Sunday, 29 April 2012

Hannibal Crosses the Alps (218 BC)

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The Crossing of the Alps
A. Charpentier, 1905
Some details of Hannibal's famous crossing of the Alps have been preserved, although the actual route is not entirely clear.

Hannibal's army approached the Alps either by the Col de Grimone or the Col de Cabre, then through the basin of the Durance, or else by the Genèvre or Mont Cenis passes into the upper Po Valley, descending into the territory of the hostile Taurini, where Hannibal stormed their chief town (modern Turin).

At first danger came from the Allobroges, who attacked the rear of Hannibal's column (probably along the gorges of the Drac). Along the middle stages of the route, other Celtic groups attacked the baggage animals and rolled heavy stones down from the heights on the enfilade below, thus causing both men and animals to panic and lose their footings on the precipitous paths. (Probably the valley of Durance at the defile at Argentierre-la-Bessee.) Hannibal took countermeasures, but these involved him in heavy losses in men.)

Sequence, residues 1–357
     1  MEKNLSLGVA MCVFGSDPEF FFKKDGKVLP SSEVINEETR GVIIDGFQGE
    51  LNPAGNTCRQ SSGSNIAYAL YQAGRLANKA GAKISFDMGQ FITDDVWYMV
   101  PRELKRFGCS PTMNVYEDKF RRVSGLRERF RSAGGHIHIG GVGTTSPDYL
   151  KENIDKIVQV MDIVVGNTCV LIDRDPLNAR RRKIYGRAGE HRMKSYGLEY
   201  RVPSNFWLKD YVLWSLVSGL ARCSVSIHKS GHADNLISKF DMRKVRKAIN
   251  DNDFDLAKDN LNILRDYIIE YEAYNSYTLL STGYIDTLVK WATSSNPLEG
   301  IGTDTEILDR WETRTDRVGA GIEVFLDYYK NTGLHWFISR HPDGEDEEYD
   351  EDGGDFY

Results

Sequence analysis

On the third day he captured a Gallic town and provided the army from its stores with rations for two or three days. Harassed by the daytime attentions of the Gauls from the heights and mistrusting the loyalty of his Gallic guides, Hannibal bivouacked on a large bare rock to cover the passage by night of his horses and pack animals in the gorge below.

Snow was falling on the summit of the pass, making the descent even more treacherous. Upon the hardened ice of the previous year's fall, the soldiers and animals alike slid and foundered in the fresh snow. A landslide blocked the narrow track, and the army was held up for one day while it was cleared.
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Finally on the 15th day, after a journey of five months from Cartagena, with 20,000 infantry, 6,000 cavalry, and only a few of the original 38 elephants, Hannibal descended into Italy, having surmounted the difficulties of climate and terrain, the guerrilla tactics of inaccessible tribes, and the major difficulty of commanding a body of men diverse in race and language under conditions to which they were ill fitted. Hannibal was subsequently able to increase the size of his army to about 30,000 by recruiting Gauls.

Detailed examination of the possible routes by Jona Lendering | The texts |

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